• Local Food Promotion Program: About $11.75 million is also available to assist in the development, improvement, or expansion of local and regional food business enterprises. Local or regional food business enterprises are organizations or business entities that function as intermediaries between producers (farmers or growers) and buyers by carrying out one or more local or regional food supply chain activities (e.g., aggregating, storing, processing, and/or distributing locally or regionally produced food products to meet local and regional market demand). Intermediated marketing channels include food hubs, aggregators, distributors, wholesalers, and processors, along with value-added production enterprises, such as shared-use kitchen or kitchen incubator operations. LFPP grants can be used for market research, feasibility studies, business planning, training and technical assistance, outreach and marketing, working capital, and non-construction infrastructure improvements or information technology systems. LFPP awards funding for two types of projects: “Planning” and “Implementation”.

The term “local or regional food” for the purposes of these grants is defined as a food product that is raised, produced, aggregated, stored, processed, and distributed in the locality or region where the final product is marketed to consumers. The total distance the product is transported must be within 400 miles from the origin of the product, or both the final market and the origin of the product must be within the same state, territory, or tribal land.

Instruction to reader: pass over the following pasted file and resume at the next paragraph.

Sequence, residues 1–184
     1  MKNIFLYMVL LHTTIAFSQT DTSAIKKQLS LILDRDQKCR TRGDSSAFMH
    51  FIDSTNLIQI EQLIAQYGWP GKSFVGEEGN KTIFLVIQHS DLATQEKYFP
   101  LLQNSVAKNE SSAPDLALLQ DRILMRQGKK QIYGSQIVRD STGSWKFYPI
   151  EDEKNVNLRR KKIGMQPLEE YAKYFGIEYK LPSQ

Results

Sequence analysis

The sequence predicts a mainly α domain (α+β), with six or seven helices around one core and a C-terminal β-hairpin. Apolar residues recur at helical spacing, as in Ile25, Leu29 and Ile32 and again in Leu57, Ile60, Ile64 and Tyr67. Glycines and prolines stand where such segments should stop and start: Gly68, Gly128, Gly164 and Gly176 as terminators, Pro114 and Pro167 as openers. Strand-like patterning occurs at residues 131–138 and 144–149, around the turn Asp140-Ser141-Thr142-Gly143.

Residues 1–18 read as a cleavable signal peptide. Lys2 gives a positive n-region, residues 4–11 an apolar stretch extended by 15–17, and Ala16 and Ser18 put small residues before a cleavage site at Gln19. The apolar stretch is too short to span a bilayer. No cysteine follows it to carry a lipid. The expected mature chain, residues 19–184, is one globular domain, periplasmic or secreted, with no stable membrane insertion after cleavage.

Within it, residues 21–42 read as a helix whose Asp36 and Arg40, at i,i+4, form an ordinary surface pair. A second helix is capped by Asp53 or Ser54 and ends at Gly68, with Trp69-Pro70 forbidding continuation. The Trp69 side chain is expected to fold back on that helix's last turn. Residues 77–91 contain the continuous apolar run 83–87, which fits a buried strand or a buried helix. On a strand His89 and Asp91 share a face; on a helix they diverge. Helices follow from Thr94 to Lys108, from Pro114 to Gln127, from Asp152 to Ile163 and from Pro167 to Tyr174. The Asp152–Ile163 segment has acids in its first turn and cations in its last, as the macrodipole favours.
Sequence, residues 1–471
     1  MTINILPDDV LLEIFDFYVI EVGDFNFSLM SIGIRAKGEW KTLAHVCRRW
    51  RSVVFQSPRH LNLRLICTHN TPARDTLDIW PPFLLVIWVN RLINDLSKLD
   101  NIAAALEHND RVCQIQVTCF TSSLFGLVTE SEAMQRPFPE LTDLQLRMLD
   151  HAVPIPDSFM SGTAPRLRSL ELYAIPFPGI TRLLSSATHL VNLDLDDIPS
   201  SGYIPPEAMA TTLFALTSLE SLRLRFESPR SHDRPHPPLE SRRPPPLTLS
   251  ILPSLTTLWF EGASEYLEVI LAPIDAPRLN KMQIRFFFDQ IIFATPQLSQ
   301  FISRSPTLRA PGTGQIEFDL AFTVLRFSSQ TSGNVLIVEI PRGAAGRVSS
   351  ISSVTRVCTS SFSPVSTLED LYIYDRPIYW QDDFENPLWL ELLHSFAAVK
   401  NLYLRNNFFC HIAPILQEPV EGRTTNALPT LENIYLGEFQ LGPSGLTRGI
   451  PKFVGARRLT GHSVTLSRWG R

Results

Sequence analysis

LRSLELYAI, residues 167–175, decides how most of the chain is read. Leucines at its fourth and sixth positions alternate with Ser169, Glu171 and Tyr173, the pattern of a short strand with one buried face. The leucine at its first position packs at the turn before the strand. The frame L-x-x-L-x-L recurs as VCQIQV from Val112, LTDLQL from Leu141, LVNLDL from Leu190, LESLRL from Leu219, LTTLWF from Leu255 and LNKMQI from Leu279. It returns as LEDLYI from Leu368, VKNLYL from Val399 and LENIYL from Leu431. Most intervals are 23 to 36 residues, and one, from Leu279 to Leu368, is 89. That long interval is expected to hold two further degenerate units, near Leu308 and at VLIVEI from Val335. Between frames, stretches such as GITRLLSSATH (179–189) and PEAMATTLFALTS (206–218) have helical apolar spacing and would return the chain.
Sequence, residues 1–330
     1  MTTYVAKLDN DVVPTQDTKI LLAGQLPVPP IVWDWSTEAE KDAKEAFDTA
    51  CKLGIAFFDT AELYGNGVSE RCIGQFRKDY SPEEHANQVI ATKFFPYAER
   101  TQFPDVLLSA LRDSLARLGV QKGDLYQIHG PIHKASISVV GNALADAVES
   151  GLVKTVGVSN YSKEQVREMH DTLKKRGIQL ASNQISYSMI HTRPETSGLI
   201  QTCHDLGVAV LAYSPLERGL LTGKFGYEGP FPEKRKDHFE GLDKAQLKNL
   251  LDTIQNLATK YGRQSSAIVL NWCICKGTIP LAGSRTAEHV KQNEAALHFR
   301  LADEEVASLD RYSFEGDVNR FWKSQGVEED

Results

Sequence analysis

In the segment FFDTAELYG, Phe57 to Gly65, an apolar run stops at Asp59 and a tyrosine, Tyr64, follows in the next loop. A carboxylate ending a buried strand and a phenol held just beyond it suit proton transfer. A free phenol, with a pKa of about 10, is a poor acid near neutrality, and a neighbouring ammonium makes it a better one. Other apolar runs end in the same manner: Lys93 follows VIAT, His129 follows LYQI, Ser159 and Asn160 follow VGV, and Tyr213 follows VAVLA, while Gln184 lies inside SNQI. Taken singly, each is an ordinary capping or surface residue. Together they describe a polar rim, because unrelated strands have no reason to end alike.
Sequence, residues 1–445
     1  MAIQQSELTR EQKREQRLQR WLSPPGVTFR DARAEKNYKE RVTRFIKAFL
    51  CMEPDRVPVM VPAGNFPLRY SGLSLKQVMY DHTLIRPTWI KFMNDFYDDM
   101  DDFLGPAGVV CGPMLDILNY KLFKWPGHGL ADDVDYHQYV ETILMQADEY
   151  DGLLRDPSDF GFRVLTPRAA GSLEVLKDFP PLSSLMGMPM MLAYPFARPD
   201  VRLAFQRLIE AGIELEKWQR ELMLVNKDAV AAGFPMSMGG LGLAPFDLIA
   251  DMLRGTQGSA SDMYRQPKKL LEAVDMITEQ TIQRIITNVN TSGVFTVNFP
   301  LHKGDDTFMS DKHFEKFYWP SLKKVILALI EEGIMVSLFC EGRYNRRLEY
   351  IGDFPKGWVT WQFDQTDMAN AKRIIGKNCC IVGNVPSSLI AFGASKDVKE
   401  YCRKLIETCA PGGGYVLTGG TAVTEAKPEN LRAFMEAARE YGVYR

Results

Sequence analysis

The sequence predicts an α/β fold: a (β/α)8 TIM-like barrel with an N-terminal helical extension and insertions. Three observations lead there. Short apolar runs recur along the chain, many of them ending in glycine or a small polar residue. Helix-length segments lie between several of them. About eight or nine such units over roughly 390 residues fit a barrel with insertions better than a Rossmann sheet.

Food Safety is now an eligible activity for both FMPP and LFPP grants. As part of LAMP, FMLFPP can now provide limited financial assistance for expenses relating to costs incurred in obtaining food safety certification and making changes and upgrades to practices and equipment to improve food safety.

For both FMPP and LFPP projects, USDA gives priority to projects that either primarily serve low income/low food access communities (as defined by USDA in its ERS Food Access Research Atlas map); or to those projects that involve Promise Zone Lead Applicant Organizations.

A cash or in-kind match, in an amount equal to 25 percent of the total cost of the grant, is required for both FMPP and LFPP.


For both FMPP and LFPP projects, the following entities are eligible to apply: agricultural businesses; agricultural cooperatives; producer networks; producer associations; community supported agriculture (CSA) networks (a CSA comprised of a group of farms, and not just a single farm); CSA associations (a group that represents, assists, or serves a CSA or CSA network); local governments; nonprofit corporations; public benefit corporations; economic development corporations; food councils; regional farmers market authorities; and tribal governments.